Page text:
Tuesday, December 28, 2010

The 4th Day of Christmas

Did I tell you how much I love this time of year?

Everything stands still in my life. I am not rushing. I am sleeping in after a wake up for night nurse Jenn (now don't be jealous: the boys always sleep in til they're rushed out of bed at 7am for school. None of this 6am nonsense in our house. That's not my family's gene).

For this very moment as I write now: I want this to last forever. I have tremendous, unfathomable challenges ahead of me in 2011, one day I will write again, but for now, all I can think of is now. It's an extraordinary feeling. It's Christmastime, 4th night and I'm dizzy with it. Life is feeling a little like champagne. It's scintillating, exciting, bubbly and fun. I know the bubbles will burst. But now is now.

Today, Jenn stayed later to play with the boys which was fun as Reuben showed her some of the new signs we'd learnt yesterday like ugly which he says with great passion and I described the word as being like the witch in the Wizard of Oz, and we exchanged our Christmas gifts, then out to our local Kenneth Hahn State Park, where Downtown has a striking backdrop of the mountains clad in snow. I once read that landscapes should not be photographed 30 mins after sunrise or more than 30 mins before dusk, and so whilst that thought languished in my brain and the camera in my car, I didn't bother.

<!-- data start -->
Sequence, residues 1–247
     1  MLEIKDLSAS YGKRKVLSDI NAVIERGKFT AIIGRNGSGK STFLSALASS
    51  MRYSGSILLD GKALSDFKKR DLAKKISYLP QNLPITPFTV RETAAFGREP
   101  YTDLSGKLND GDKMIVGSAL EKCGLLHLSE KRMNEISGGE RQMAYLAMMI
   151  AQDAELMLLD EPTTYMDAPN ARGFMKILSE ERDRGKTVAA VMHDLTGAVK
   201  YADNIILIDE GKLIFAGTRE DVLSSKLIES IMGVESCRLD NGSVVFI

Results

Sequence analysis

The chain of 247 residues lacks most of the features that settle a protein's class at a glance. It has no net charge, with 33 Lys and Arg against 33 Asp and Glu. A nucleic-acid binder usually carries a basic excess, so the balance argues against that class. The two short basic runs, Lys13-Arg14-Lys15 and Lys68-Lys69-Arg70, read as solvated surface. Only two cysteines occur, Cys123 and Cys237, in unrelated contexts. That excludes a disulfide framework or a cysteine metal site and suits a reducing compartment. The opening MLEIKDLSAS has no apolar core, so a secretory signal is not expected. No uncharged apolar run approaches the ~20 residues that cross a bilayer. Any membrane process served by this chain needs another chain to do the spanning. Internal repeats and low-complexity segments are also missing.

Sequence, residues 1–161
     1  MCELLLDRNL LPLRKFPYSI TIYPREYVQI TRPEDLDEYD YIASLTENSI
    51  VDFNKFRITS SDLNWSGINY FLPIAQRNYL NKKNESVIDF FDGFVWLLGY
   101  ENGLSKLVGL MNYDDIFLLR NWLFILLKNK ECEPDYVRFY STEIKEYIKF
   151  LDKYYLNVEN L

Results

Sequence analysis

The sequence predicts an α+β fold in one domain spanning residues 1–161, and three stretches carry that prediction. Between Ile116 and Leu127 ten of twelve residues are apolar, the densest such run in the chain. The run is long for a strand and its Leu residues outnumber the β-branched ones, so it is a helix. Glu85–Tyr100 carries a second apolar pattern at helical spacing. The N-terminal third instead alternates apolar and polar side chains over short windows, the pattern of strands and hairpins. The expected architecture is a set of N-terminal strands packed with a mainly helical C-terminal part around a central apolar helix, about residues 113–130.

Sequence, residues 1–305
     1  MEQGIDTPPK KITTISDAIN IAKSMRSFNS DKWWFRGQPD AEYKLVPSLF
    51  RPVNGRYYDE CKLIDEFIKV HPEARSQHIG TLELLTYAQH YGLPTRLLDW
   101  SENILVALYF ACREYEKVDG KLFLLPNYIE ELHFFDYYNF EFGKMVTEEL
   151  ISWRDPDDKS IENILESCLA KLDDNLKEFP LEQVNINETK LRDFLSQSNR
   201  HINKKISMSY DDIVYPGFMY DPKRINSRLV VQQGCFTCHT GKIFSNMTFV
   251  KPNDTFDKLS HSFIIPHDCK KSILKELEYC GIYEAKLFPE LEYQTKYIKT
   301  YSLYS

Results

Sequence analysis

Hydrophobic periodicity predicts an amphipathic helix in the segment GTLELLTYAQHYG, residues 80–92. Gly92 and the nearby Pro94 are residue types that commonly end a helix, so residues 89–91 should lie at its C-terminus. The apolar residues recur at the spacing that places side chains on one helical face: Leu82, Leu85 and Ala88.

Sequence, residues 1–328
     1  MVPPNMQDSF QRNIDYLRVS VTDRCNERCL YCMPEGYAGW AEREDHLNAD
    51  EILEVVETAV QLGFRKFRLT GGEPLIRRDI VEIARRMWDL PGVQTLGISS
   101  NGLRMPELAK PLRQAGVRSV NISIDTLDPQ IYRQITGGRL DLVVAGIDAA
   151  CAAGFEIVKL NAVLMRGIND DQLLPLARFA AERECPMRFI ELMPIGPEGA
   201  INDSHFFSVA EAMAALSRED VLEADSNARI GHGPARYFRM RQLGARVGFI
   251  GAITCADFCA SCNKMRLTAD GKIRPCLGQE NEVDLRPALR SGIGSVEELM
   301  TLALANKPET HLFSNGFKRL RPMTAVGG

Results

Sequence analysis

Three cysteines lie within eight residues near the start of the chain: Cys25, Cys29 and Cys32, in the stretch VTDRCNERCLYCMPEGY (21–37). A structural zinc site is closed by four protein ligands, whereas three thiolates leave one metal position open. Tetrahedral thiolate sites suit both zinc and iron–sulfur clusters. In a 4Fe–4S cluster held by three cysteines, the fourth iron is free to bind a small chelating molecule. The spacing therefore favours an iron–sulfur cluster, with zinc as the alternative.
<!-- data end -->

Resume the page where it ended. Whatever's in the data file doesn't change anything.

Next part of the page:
It occurred to me today as I was looking through these images of the latter part of the day and the boys had played and climbed for a couple of hours and the bewitching hour of light had arrived, that I am so privileged to be able to spend my days doing this, just documenting my boys' lives, their highs and lows, "C'mon Reu Reus", or "naughty Callas", both participant and observer. 

At this age, portraits become journalistic in nature, and that is what I love. I cannot ask the boys to pose or even put them in a position for more than a few fleeting moments, yet I can do the best possible, capture them in all their bewilderment and excitement for life, the characters of the men they might one day be becoming so apparent.

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